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Britain’s G4S recommends $5.4 billion Allied Universal bid, ending takeover tussle

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Britain's G4S recommends $5.4 billion Allied Universal bid, ending takeover tussle 1

(Reuters) – Private security firm G4S on Tuesday recommended shareholders vote for Allied Universal’s final offer valuing the British firm at 3.8 billion pounds ($5.35 billion), after a rare auction ended a bitter months-long takeover battle with Canada’s GardaWorld.

Allied Universal in a separate statement said it has extended its offer period deadline for the 245 pence per share G4S offer to March 16 and the acceptance condition was lowered to 75% in nominal value and voting rights of G4S shares from 90% earlier.

It has obtained “substantially all” of the required antitrust regulatory approvals including in the U.S. and European Union, Allied Universal added. Britain has not yet approved the merger.

The auction for G4S ended abruptly on Monday after hostile bidder GardaWorld stuck with its December bid of 235 pence per share for the world’s largest private security firm and Allied Universal told the takeover regulator it would not revise its offer on day one.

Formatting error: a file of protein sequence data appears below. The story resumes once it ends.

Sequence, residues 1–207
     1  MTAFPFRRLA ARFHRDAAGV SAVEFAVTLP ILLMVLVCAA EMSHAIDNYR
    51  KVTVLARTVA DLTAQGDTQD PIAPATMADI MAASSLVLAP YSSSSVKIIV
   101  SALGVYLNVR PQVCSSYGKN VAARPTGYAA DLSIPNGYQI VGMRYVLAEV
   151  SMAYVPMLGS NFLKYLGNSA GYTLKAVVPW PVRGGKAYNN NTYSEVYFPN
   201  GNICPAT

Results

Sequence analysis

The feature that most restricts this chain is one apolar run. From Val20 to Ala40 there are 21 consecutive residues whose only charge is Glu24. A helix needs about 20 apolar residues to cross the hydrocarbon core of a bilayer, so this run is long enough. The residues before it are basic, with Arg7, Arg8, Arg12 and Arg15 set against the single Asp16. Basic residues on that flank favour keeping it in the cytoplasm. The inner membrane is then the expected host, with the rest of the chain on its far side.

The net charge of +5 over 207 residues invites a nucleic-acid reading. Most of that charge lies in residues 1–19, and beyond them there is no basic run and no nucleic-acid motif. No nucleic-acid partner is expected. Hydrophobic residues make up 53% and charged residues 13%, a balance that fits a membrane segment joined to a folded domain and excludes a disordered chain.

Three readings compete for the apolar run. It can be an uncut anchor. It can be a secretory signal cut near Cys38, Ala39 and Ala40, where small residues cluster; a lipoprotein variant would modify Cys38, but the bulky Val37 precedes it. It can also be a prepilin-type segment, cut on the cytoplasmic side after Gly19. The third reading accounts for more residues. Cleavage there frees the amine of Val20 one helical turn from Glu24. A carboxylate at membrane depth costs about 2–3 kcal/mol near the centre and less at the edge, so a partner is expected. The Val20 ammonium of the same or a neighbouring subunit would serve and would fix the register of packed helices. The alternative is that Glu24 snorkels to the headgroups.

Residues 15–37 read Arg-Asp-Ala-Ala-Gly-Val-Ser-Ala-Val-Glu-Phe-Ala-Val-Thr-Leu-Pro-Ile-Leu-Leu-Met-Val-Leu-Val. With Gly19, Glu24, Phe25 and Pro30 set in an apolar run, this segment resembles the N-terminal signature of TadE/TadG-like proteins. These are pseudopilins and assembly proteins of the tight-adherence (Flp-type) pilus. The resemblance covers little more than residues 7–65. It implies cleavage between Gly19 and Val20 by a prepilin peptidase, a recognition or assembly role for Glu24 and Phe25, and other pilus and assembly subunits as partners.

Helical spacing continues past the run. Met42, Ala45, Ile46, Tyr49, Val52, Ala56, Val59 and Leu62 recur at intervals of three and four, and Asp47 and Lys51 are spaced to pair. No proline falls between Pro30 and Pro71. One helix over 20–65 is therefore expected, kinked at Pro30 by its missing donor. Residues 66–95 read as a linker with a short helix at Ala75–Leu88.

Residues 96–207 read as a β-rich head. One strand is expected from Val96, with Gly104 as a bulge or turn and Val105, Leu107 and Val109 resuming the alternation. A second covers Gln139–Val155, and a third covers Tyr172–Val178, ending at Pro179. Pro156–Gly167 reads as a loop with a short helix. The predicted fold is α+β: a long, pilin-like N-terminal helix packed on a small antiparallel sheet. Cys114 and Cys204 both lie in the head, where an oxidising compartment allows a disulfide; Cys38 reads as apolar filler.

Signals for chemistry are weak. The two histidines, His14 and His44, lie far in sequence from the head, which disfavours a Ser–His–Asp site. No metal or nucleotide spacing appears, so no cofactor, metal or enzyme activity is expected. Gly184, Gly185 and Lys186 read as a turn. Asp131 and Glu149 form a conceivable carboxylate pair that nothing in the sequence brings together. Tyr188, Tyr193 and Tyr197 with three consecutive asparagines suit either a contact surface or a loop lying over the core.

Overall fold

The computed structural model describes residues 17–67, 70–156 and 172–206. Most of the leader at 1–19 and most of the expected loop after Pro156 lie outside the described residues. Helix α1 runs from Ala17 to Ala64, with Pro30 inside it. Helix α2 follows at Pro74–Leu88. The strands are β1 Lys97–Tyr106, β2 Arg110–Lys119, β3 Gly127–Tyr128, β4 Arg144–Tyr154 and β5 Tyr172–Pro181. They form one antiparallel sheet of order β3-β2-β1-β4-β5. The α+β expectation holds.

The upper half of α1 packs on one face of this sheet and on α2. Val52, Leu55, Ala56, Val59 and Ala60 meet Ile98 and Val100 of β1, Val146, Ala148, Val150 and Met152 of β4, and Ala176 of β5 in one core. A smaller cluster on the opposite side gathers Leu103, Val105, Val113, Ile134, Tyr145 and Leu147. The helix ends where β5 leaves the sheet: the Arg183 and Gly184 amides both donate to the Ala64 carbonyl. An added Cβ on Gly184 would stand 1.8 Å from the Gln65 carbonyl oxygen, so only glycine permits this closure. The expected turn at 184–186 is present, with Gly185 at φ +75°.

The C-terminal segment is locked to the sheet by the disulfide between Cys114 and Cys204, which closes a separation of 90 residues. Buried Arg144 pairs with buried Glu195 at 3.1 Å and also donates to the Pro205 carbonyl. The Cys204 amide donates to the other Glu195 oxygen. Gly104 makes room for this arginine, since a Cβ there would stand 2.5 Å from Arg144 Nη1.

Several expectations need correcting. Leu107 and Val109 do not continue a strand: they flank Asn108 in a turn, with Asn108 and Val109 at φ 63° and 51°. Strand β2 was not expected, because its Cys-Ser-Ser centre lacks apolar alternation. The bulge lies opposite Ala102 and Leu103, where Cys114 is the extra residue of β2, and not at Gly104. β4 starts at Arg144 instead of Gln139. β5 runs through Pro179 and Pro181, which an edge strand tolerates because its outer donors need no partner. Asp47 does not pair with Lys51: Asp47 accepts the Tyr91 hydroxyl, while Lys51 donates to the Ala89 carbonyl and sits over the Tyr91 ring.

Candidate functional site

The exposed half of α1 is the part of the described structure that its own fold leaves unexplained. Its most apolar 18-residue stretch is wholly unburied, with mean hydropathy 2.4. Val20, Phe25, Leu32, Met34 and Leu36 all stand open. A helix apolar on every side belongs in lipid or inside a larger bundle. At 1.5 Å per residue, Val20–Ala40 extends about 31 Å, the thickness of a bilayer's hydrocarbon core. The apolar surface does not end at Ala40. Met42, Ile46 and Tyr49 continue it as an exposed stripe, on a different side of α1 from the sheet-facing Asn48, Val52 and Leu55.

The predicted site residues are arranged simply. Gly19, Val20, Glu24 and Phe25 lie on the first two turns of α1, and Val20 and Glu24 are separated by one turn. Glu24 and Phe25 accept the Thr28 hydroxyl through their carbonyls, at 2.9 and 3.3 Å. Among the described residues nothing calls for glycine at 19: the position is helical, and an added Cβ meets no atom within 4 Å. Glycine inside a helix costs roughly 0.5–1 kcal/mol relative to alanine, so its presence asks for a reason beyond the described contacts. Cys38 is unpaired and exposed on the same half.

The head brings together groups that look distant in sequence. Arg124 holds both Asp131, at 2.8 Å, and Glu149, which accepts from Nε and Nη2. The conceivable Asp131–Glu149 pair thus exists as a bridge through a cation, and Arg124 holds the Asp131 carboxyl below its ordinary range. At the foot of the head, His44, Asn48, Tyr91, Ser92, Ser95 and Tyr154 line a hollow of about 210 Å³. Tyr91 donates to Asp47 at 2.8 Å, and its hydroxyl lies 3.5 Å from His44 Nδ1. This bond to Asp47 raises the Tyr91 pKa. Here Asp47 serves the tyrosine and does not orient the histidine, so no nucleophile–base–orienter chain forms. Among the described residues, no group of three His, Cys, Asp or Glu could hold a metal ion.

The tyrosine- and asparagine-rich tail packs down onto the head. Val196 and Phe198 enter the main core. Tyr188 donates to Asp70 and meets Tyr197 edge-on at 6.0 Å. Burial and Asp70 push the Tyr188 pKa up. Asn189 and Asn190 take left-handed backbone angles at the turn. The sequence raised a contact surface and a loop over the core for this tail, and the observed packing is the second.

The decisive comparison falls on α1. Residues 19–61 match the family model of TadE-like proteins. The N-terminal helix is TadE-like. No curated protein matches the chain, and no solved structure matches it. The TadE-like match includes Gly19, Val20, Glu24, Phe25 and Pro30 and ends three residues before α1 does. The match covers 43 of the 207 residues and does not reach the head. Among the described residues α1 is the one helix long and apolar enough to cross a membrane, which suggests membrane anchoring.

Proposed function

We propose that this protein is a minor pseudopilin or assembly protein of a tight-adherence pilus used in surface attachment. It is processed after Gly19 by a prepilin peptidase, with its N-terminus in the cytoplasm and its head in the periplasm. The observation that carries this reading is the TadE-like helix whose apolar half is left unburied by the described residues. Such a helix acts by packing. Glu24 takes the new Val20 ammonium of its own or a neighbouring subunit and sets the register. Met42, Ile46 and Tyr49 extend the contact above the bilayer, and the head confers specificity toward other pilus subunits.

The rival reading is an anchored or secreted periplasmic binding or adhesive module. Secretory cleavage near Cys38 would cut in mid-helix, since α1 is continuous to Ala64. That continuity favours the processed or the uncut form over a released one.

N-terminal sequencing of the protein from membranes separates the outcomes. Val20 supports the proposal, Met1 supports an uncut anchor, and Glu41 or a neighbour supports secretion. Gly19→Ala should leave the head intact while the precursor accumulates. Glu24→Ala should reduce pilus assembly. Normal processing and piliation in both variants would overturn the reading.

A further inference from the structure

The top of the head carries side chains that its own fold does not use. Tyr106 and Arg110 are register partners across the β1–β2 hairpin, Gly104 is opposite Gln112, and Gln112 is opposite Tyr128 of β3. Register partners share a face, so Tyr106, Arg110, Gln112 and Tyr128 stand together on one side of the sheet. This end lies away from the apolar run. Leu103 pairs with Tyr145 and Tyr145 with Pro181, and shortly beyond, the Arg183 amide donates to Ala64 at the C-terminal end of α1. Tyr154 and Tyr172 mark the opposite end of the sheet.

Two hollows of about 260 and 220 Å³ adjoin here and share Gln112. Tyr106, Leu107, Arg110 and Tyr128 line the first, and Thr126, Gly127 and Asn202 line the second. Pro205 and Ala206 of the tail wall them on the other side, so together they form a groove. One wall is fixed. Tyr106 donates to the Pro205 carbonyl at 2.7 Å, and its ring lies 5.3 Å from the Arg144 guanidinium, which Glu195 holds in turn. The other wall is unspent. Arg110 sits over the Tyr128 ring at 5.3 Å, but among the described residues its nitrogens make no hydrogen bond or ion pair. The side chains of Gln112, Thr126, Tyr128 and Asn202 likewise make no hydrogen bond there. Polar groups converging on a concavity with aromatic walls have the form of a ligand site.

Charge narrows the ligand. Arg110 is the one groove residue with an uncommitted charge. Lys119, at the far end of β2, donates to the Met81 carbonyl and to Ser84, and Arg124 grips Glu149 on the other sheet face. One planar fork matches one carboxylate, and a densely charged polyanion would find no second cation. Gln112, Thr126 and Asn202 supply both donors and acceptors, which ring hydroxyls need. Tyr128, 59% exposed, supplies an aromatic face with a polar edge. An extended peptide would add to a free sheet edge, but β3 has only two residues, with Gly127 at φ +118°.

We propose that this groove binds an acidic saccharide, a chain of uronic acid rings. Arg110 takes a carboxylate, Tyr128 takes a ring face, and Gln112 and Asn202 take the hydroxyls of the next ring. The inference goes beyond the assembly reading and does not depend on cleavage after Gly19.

On Tuesday, Allied also said it would not increase its 245 pence per share offer that was first announced on Dec. 8. G4S had backed that offer in December after repeatedly rejecting GardaWorld’s hostile advances.

The battle for UK’s G4S had hit a deadlock earlier after the North American bidders repeatedly extended their offer deadlines and shareholders’ acceptance was low, as investors held out for a higher payout.

That led to Britain’s Takeover Panel stepping in to help resolve the bid battle by setting a Feb. 20 deadline for both bidders to make their offers final or head to auction on Feb. 22.

($1 = 0.7107 pounds)

(Reporting by Yadarisa Shabong in Bengaluru; Editing by Rashmi Aich)

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Deloitte launches its Doing Business Guide for the United Arab Emirates: Business agility in a COVID environment

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Deloitte launches its Doing Business Guide for the United Arab Emirates: Business agility in a COVID environment 2

Since the onset of the COVID-19 pandemic, the United Arab Emirates (UAE) has taken vast measures to ease doing business in the country in the short term, and progressed initiatives of strategic and long-term success.

Some of the immediate measures included the extension of Value Added Tax (VAT) filings, Covid-19 measures for the economic substance rules, refund of Customs duties, as well postponements of rent payments, cancelling of fines, waiving of licenses fees and other registration fees in mainland as well as Free Zones.

With this in mind, Deloitte has just launched its “Doing business guide UAE”, a taxation and investment guide to help investors gain a working perspective on the operating conditions and investment climate in the Emirates.